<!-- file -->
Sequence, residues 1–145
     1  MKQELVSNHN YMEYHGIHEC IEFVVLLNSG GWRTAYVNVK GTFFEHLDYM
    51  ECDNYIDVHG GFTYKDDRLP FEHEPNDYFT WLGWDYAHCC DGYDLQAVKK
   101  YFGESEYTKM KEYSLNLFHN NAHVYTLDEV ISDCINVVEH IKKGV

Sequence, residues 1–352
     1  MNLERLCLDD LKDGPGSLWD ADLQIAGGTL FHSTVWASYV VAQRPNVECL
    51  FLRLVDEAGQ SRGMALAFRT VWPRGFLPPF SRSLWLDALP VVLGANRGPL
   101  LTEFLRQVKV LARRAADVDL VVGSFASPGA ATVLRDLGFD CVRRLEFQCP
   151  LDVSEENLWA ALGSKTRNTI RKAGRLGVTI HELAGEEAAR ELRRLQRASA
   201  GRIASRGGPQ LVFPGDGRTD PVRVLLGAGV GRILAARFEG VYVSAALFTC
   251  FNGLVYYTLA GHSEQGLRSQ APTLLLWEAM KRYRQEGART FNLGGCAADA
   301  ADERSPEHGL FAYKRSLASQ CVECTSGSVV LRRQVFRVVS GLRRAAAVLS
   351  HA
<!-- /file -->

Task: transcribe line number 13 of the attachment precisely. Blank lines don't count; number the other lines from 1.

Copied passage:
   351  HA